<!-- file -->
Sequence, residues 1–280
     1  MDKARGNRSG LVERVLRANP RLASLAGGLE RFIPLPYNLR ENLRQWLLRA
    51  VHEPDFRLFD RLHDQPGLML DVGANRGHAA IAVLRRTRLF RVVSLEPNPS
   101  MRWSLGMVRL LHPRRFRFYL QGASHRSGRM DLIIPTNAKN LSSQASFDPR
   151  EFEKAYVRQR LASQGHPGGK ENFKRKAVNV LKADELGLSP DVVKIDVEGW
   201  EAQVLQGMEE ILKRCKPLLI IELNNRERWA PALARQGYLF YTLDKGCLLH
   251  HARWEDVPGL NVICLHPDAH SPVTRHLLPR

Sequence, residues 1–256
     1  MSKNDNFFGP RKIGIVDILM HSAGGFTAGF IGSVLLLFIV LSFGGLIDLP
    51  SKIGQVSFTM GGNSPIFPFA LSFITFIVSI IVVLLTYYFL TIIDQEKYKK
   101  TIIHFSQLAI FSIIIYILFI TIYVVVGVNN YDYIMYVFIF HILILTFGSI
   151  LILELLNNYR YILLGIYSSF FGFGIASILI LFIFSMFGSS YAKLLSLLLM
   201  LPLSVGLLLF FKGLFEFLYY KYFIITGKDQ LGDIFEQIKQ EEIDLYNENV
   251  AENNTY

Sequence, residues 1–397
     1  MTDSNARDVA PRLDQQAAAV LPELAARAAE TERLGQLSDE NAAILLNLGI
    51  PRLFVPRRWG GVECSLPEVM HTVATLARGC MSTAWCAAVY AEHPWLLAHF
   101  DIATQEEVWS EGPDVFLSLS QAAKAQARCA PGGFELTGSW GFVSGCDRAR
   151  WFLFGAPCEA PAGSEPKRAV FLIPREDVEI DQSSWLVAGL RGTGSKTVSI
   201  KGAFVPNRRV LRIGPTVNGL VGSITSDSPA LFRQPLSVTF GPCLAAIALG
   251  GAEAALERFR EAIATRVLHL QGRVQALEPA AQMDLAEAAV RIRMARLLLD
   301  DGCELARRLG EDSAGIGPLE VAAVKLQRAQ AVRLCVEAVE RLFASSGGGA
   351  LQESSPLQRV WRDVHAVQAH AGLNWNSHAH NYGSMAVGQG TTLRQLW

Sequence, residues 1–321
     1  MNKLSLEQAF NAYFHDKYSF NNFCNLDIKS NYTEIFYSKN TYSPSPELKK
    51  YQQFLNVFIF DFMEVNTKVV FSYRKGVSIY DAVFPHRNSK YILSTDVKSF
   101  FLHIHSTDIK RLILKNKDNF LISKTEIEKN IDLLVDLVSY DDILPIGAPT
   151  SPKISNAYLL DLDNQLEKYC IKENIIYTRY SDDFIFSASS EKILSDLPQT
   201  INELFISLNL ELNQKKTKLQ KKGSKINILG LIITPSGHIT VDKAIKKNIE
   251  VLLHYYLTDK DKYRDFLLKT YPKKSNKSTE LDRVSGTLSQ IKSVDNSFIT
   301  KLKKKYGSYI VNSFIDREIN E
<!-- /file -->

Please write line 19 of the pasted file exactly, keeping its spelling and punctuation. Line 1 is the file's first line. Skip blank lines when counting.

   151  WFLFGAPCEA PAGSEPKRAV FLIPREDVEI DQSSWLVAGL RGTGSKTVSI